Risk of fracture in men with prostate cancer on androgen deprivation therapy: A population-based cohort study in New Zealand

Alice Wang, Zuzana Obertová, Charis Brown, Nishi Karunasinghe, Karen Bishop, Lynnette Ferguson, Ross Lawrenson

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46 Citations (Scopus)


Background: Androgen deprivation therapy (ADT) administered as a prostate cancer treatment is known to exert multiple side effects including bone deterioration leading to bone fracture. The current analysis is to evaluate the burden of fracture risk in the New Zealand prostate cancer (PCa) population treated with ADT, and to understand the subsequent risk of mortality after a fracture. Methods: Using datasets created through linking records from the New Zealand Cancer Registry, National Minimal Dataset, Pharmaceutical Collection and Mortality Collection, we studied 25,544 men (aged ≥40 years) diagnosed with PCa between 2004 and 2012. ADT was categorised into the following groups: gonadotropin-releasing hormone (GnRH) agonists, anti-androgens, combined androgen blockade (GnRH agonists plus anti-androgens), bilateral orchiectomy, and bilateral orchiectomy plus pharmacologic ADT (anti-androgens and/or GnRH agonists). Results: Among patients receiving ADT, 10.8 % had a fracture compared to 3.2 % of those not receiving ADT (p < 0.0001). After controlling for age and ethnicity, the use of ADT was associated with a significantly increased risk of any fracture (OR = 2.83; 95 % CI 2.52-3.17) and of hip fracture requiring hospitalisation (OR = 1.82; 95 % CI 1.44-2.30). Those who received combined androgen blockade (OR = 3.48; 95 % CI 3.07-3.96) and bilateral orchiectomy with pharmacologic ADT (OR = 4.32; 95 % CI 3.34-5.58) had the greatest risk of fracture. The fracture risk following different types of ADT was confounded by pathologic fractures and spinal cord compression (SCC). ADT recipients with fractures had a 1.83-fold (95 % CI 1.68-1.99) higher mortality risk than those without a fracture. However, after the exclusion of pathologic fractures and SCC, there was no increased risk of mortality. Conclusions: ADT was significantly associated with an increased risk of any fracture and hip fracture requiring hospitalisation. The excess risk was partly driven by pathologic fractures and SCC which are associated with decreased survival in ADT users. Identification of those at higher risk of fracture and close monitoring of bone health while on ADT is an important factor to consider. This may require monitoring of bone density and bone marker profiles.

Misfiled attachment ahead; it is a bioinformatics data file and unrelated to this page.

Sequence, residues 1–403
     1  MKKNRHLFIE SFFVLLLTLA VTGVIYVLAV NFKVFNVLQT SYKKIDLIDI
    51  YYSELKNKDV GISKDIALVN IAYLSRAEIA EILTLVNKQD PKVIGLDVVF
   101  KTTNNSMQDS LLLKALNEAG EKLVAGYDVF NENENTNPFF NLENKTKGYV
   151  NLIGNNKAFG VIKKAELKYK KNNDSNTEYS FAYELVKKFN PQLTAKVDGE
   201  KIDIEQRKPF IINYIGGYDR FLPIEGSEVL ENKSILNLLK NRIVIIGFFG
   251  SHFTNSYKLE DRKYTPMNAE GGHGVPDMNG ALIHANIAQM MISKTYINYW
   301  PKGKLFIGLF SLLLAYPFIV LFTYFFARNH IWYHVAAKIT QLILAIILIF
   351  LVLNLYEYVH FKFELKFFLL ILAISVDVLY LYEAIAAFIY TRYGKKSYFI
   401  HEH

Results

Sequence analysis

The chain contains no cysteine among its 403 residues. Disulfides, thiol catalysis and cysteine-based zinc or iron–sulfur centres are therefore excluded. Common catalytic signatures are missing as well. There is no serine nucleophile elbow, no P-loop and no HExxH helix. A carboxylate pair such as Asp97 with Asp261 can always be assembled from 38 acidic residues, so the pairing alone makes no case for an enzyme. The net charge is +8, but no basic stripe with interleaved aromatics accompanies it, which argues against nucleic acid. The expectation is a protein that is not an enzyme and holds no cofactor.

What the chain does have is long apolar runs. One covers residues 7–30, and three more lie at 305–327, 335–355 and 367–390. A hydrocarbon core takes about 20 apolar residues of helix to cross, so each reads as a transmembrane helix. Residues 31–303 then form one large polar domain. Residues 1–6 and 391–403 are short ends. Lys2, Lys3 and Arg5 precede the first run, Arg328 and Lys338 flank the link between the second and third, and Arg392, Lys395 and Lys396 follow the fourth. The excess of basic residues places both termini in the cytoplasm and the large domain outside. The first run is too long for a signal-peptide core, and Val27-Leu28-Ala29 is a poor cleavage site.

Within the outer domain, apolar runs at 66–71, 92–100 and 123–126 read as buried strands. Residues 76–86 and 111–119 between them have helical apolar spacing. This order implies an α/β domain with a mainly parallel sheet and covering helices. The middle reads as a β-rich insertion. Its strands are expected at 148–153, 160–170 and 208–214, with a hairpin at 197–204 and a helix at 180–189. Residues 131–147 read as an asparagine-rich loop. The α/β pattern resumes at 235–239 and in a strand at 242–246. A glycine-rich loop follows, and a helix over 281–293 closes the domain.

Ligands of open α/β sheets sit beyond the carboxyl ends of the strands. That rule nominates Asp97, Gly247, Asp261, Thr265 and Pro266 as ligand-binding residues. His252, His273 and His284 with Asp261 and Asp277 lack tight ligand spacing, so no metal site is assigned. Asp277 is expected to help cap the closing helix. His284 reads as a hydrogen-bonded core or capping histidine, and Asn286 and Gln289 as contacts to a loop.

Original languageEnglish
Article number837
JournalBMC Cancer
Issue number1
Publication statusPublished - 2 Nov 2015
Externally publishedYes


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